16. ^ Pardue, Mary Lou, and Joseph G Hall. “Molecular Hybridization of Radioactive DNA to the DNA of Cytological Preparations.” Kline Biology Tower, Yale University, 13 Aug. 1969.
  17. ^ Marks, Jonathan (2007-05-09). "DNA hybridization in the apes—Technical issues". Archived from the original on 2007-05-09. Retrieved 2019-06-02.
  18. ^ S.S. Socransky; A.D. Haffajee; C. Smith; L. Martin; J.A. Haffajee; N.G. Uzel; J. M. Goodson (2004). "Use of checkerboard DNA–DNA hybridization to study complex microbial ecosystems". Oral Microbiology and Immunology. 19 (6): 352–362. doi:10.1111/j.1399-302x.2004.00168.x. PMID 15491460.
  19. ^ a b Meier-Kolthoff JP, Auch AF, Klenk HP, Goeker M (2013). "Genome sequence-based species delimitation with confidence intervals and improved distance functions". BMC Bioinformatics. 14: 60. doi:10.1186/1471-2105-14-60. PMC 3665452. PMID 23432962.
  20. ^ Riojas, Marco A.; McGough, Katya J.; Rider-Riojas, Cristin J.; Rastogi, Nalin; Hazbón, Manzour Hernando (1 January 2018). "Phylogenomic analysis of the species of the Mycobacterium tuberculosis complex demonstrates that Mycobacterium africanum, Mycobacterium bovis, Mycobacterium caprae, Mycobacterium microti and Mycobacterium pinnipedii are later heterotypic synonyms of Mycobacterium tuberculosis". International Journal of Systematic and Evolutionary Microbiology. 68 (1): 324–332. doi:10.1099/ijsem.0.002507. PMID 29205127.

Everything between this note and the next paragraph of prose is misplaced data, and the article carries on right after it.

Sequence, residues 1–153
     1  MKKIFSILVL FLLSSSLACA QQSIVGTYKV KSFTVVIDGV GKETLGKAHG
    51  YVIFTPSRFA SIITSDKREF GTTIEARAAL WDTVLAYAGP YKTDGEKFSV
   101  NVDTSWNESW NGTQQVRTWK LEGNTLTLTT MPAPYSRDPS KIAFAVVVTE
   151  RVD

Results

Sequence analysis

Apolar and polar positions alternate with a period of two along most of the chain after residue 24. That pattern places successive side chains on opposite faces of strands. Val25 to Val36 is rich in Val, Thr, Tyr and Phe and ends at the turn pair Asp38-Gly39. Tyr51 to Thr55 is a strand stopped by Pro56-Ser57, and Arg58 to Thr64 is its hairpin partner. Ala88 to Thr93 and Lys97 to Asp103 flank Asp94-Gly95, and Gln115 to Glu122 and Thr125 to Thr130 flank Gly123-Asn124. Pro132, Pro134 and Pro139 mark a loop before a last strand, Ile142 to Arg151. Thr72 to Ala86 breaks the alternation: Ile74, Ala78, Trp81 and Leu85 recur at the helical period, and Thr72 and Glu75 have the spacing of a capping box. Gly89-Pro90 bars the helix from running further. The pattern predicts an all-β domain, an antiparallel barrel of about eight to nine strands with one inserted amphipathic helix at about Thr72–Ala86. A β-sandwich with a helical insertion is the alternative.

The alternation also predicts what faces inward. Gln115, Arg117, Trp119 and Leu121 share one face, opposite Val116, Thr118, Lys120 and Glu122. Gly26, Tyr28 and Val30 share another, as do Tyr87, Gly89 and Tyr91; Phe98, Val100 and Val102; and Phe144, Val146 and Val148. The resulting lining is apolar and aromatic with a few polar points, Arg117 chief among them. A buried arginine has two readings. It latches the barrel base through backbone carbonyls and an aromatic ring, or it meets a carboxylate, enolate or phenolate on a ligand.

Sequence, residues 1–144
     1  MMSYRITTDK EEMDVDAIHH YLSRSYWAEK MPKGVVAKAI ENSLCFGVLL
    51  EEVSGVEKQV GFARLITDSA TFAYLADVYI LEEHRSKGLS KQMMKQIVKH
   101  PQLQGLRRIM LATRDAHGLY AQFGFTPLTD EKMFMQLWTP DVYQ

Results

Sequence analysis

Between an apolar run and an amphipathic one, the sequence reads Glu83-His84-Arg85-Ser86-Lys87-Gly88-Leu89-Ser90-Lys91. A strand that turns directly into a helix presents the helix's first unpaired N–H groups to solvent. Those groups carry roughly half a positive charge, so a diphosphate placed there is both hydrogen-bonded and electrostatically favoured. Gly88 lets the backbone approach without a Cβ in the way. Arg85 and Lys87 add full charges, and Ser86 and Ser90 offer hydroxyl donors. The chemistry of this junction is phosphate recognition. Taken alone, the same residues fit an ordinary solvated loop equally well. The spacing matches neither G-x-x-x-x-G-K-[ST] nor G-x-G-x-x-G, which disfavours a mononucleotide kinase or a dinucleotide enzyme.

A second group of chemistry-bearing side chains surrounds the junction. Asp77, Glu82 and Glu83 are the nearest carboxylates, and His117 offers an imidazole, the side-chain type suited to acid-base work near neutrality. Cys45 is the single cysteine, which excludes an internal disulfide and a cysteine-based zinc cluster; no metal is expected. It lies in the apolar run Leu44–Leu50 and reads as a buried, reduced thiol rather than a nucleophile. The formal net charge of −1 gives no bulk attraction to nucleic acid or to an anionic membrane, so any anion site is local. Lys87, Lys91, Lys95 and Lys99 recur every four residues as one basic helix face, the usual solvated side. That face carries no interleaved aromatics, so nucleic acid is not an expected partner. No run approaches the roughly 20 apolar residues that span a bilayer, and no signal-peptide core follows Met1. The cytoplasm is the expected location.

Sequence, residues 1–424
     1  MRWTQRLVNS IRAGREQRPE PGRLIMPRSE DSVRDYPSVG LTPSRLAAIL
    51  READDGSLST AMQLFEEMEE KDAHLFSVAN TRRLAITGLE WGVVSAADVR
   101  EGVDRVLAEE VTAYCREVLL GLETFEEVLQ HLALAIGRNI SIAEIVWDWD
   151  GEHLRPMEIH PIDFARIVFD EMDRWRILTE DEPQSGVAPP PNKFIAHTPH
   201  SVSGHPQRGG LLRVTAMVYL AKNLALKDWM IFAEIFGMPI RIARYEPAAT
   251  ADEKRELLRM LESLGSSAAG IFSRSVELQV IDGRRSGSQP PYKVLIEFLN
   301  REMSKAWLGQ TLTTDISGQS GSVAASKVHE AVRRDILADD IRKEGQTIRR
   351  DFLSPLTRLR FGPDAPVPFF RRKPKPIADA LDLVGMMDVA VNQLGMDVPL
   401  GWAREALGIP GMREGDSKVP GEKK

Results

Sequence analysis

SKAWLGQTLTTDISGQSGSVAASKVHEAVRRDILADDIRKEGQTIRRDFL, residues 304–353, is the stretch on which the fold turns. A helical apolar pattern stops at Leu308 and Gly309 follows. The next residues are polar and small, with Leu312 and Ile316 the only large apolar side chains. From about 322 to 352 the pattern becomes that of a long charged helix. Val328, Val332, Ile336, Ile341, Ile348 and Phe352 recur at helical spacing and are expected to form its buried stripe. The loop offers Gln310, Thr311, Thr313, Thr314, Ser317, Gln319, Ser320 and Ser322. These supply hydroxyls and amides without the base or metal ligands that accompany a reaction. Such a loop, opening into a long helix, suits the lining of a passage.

21. ^ Arahal, David R.; Bull, Carolee T.; Busse, Hans-Jürgen; Christensen, Henrik; Chuvochina, Maria; Dedysh, Svetlana N.; Fournier, Pierre-Edouard; Konstantinidis, Konstantinos T.; Parker, Charles T.; Rossello-Mora, Ramon; Ventosa, Antonio; Göker, Markus (27 April 2023). "Judicial Opinions 123–127". International Journal of Systematic and Evolutionary Microbiology. 72 (12). doi:10.1099/ijsem.0.005708. hdl:10261/295959. PMID 36748499.

Further reading[edit]

  • Graur, D. & Li, W-H. 1991 (2nd ed. 1999). Fundamentals of Molecular Evolution.